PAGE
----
Mapping child growth failure in Africa between 2000 and 2015

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From: Nature(Vol. 555, Issue 7694)
Publisher: Nature Publishing Group
Document Type: Report
Length: 11,672 words
Lexile Measure: 1660L

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Author(s): Aaron Osgood-Zimmerman [1]; Anoushka I. Millear [1]; Rebecca W. Stubbs [1]; Chloe Shields [1]; Brandon V. Pickering [1]; Lucas Earl [1]; Nicholas Graetz [1]; Damaris K. Kinyoki [1]; Sarah E. Ray [1]; Samir Bhatt [2]; Annie J. Browne [3]; Roy Burstein [1]; Ewan Cameron [3]; Daniel C. Casey [1]; Aniruddha Deshpande [1]; Nancy Fullman [1]; Peter W. Gething [3]; Harry S. Gibson [3]; Nathaniel J. Henry [1]; Mario Herrero [4]; L. Kendall Krause [5]; Ian D. Letourneau [1]; Aubrey J. Levine [1]; Patrick Y. Liu [1]; Joshua Longbottom [3]; Benjamin K. Mayala [1]; Jonathan F. Mosser [1]; Abdisalan M. Noor [6, 7]; David M. Pigott [1]; Ellen G. Piwoz [5]; Puja Rao [1]; Rahul Rawat [5]; Robert C. Reiner [1]; David L. Smith [1]; Daniel J. Weiss [3]; Kirsten E. Wiens [1]; Ali H. Mokdad [1]; Stephen S. Lim [1]; Christopher J. L. Murray [1]; Nicholas J. Kassebaum (corresponding author) [1, 8]; Simon I. Hay (corresponding author) [1, 3]

Child undernutrition increases the risk of neonatal and child mortality and future maternal reproductive outcomes [1, 2, 3]. Child growth failure (CGF) is the specific subset of child undernutrition, excluding micronutrient deficiencies, that is characterized by the relationship between insufficient height and weight at a given age, and this subset is most universally described in terms of univariate growth standards, for which age-specific heights and weights are compared to healthy reference populations [4, 5]. In aggregate, univariate assessments of stunting, wasting and underweight (Extended Data Fig. 1) can serve as a comprehensive assessment of CGF. Prevalence of moderate and severe stunting, wasting and underweight among children aged 059 months is defined as the proportion of children with a height-for-age, weight-for-height or weight-for-age z score that is more than two standard deviations below the 2006 WHO (World Health Organization) growth reference population, respectively [4].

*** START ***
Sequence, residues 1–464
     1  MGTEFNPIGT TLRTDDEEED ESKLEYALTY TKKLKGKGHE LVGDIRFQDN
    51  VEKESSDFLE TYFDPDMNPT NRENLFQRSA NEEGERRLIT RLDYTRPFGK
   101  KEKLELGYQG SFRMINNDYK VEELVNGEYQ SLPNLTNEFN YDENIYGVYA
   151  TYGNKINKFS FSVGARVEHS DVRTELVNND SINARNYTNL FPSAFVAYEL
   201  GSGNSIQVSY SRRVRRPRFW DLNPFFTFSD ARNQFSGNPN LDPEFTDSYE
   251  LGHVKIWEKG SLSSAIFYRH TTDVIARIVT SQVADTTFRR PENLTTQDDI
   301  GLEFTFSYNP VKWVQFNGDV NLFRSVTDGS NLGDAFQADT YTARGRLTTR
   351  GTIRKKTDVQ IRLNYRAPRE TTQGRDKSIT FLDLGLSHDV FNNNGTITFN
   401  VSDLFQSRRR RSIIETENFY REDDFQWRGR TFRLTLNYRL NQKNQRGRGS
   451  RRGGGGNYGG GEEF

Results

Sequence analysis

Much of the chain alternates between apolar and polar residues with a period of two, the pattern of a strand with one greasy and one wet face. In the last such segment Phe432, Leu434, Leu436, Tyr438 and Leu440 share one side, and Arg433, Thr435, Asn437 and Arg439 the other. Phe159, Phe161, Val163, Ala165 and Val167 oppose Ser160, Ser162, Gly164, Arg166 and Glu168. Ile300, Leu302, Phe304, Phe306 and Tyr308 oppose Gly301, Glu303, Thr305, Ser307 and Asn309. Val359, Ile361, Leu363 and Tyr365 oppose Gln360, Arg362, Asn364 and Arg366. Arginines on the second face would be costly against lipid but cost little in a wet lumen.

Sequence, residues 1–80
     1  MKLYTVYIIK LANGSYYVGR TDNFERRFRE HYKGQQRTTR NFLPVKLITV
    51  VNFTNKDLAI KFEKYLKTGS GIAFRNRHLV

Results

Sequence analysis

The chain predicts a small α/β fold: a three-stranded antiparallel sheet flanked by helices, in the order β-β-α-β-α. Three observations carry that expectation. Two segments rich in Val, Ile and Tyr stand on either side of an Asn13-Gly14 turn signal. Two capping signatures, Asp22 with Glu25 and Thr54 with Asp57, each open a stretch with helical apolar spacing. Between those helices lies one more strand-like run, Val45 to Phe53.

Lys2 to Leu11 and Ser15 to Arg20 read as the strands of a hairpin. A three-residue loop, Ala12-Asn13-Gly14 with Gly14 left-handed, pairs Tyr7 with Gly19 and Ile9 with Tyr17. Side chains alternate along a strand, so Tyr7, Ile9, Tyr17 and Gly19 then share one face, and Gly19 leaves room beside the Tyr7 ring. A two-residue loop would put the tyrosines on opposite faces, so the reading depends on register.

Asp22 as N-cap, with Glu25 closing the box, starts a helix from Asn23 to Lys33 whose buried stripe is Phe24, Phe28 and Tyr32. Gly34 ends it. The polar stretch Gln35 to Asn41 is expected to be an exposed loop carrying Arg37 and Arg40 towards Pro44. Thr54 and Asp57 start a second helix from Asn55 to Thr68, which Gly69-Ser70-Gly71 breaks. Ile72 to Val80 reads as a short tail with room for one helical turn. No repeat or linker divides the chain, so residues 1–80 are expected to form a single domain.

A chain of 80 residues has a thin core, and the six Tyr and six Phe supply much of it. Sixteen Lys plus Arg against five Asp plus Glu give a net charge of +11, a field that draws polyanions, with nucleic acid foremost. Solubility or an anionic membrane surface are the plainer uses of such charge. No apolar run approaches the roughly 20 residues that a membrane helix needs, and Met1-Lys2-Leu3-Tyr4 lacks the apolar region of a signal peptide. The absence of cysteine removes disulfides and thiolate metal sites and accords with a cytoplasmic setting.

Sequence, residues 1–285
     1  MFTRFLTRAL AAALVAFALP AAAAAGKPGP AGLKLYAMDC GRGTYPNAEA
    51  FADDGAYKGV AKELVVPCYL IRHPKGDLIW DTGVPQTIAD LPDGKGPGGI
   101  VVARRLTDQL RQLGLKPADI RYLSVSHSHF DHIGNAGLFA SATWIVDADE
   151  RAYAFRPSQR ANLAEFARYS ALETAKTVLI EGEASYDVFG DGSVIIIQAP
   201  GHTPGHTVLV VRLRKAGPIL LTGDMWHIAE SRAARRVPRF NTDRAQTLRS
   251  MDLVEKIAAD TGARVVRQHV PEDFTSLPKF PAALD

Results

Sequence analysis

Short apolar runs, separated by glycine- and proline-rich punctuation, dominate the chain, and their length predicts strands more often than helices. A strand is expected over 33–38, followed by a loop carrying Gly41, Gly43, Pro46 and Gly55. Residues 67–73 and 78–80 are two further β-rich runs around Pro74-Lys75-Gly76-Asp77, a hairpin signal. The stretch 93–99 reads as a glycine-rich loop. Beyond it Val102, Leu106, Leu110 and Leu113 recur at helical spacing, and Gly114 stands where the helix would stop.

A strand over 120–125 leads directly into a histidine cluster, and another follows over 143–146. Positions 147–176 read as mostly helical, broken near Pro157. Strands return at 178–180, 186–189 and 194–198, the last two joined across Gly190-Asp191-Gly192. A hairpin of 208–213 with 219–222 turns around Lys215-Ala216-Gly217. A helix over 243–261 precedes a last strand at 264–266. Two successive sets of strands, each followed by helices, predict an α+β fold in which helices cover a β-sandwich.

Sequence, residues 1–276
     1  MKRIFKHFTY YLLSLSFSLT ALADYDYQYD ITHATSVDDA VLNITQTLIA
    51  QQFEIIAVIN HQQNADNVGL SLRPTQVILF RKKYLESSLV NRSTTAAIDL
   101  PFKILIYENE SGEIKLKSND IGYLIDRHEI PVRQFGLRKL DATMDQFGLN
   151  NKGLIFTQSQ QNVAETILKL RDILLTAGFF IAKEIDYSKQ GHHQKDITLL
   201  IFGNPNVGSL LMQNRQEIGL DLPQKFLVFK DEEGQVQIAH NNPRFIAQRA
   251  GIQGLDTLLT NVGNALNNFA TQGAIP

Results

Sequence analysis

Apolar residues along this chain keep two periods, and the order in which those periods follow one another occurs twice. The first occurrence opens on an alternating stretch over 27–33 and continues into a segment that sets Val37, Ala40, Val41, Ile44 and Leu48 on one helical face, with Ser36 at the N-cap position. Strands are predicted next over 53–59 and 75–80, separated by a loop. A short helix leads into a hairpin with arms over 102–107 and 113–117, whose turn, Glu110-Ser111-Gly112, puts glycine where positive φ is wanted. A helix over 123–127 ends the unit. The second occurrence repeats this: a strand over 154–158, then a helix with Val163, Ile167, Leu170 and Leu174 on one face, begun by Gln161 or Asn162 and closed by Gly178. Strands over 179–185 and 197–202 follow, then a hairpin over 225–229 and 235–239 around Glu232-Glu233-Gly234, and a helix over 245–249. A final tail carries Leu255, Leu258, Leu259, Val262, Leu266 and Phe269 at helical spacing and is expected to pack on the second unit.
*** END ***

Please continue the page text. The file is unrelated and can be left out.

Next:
The Millennium Development Goals (MDG) had a single nutrition target: a 50% reduction in prevalence of underweight in children under five between 1990 and 2015. In 2012, WHO member states endorsed a broader agenda to improve nutrition by 2025: the Global Nutrition Targets (WHO GNT), including stunting, wasting, low birth weight and overweight [6] in children under five (see Extended Data Fig. 1). Sustainable Development Goal (SDG) 2.2 is even more aspirational, calling for an end to all forms of malnutrition by 2030, progress towards which can be seen as inseparable from many of the other SDG child health ambitions [7, 8, 9].

Quantitative assessments of levels and trends in CGF indicators serve as key input to discussions of progress and areas for improvement [1, 10, 11, 12, 13, 14]. According to findings from the Global Burden of Diseases, Injuries, and Risk Factors Study 2016 (GBD 2016), an estimated 36.6% of children under five were stunted, 8.6% wasted and 19.5% underweight in sub-Saharan Africa (SSA) in 2015 [1]. Furthermore, CGF was the second leading risk factor for child mortality in SSA, accounting for more than 23% of deaths of children under five in this region [1].

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Gale Document Number: GALE|A529350377